THE ROAD LEADING OUT of Nairobi deteriorated as our Land Cruiser bounced north. Our driver pushed the white SUV faster, scarcely dodging potholes, livestock, and motorbikes, as well as the streams of locals who walk the roadsides.
After three hours, we entered the township of Nyeri. Our guide, Samuel Ndukwe, jumped out to meet Peter Kimita, assistant national commissioner of the Kenya Scouts Association. I had not been told I would meet such a distinguished Scout leader; Peter had not been told I was the "American Scouter" who was paying a visit.
He had read my books Legacy of Honor and Spirit of Adventure, and we shared a special moment of mutual recognition before we exchanged patches from our respective Scouting programs. Peter, in his immaculately pressed khaki uniform, led us several blocks north to a modest concrete and iron gateway, just off the town's main street. Inside, we found a small contingent of local Scouters standing before a neatly kept dirt path leading to a row of trees. Lining the path were large stones, each bearing one point of the Scout Law. Our growing delegation walked to the path's end and passed through another gate into a cemetery. We traveled down another path to a picket fence. White stakes bordered the gravesite of Lord Robert Baden-Powell, the founder of Scouting.
Three years earlier, I had stood on the shores of England's Brownsea Island, where Baden-Powell staged the camp that would launch the Scouting movement. Now I stood at the other bookend of his life: Kenya, where he had retired after seeing Scouting through its third decade.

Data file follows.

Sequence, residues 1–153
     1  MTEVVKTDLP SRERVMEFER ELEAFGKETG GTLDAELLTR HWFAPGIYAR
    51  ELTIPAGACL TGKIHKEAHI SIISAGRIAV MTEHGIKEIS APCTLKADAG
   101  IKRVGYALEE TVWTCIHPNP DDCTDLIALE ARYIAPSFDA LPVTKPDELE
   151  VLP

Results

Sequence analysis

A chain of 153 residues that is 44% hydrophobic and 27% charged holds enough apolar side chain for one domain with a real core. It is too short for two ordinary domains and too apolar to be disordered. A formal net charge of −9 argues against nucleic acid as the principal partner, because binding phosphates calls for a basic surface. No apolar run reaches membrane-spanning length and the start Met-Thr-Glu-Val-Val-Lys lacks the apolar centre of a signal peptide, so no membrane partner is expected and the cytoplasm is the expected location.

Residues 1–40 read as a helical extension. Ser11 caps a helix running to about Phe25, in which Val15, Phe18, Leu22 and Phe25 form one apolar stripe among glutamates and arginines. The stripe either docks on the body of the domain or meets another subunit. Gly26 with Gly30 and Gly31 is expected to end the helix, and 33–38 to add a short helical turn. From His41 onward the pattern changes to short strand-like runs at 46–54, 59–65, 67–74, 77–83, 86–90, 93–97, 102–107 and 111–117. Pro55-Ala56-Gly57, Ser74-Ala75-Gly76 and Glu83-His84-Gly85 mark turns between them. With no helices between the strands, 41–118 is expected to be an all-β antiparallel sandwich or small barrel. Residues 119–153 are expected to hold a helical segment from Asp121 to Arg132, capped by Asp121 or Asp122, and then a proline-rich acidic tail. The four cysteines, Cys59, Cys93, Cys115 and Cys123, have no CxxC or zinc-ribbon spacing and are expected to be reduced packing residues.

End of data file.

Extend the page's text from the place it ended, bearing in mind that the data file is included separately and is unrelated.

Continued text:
Just several feet of distance and earth separated me from the man responsible for the largest and most important youth movement in history. Every hair on my neck and arms stood on end as Samuel and Peter guided me to the gravesite. We knelt together by the simple marble headstone that bore the fleur-de-lis of Scouting. I traced my hand across the black lettering, which read: "Robert Baden-Powell; Chief Scout of the World." His wife, Olave, World Chief Guide, was buried with him, and below their inscriptions was a simple circle with a dot inside, the Scout trail sign for "I have gone home."
Peter humbly asked if I would repeat the Scout Oath with him, and we stood together behind the headstone and raised our right hands in the Scout sign. Looking over the grave and Mount Kenya beyond, two Scouts from different generations and different continents renewed our mutual commitment to Baden-Powell's vision.
Today, the gravesite stands well-kept, and its small museum displays scarves and patches from Scouts who've traveled here from every continent. Not long ago, however, the cemetery had fallen into disrepair, and nobody helped share the history of this special place.
Fortunately, an American Eagle Scout came to Kenya after graduating college in 1983. He taught English and served as a Scout leader in a rural village. After he returned to America, Walter Dean founded Habitat Aid, a charity to help the people of Kenya. He also adopted Baden-Powell's gravesite in Nyeri, and began helping Kenya's Scouters reclaim the cemetery and finish the simple white building that serves as the museum and welcome center.
With the leadership of Walter Dean and Peter Kimita, Baden-Powell's gravesite has again become a worthy international memorial to Scouting and a frequent stop for the Scout units who seek high adventure in the African highlands. Touching the cold marble of the headstone and brushing the white pebbles that cover the grave reminds each pilgrim of Scouting's roots and our everlasting duty to the movement's enduring ideals.
Eagle Scout ALVIN TOWNLEY has authored several Scouting books, including Legacy of Honor and Spirit of Adventure. His latest book is Fly Navy. Learn more about Alvin's books and buy copies at alvintownley.com. For information about the Baden-Powell museum, visit www.habitataid.org.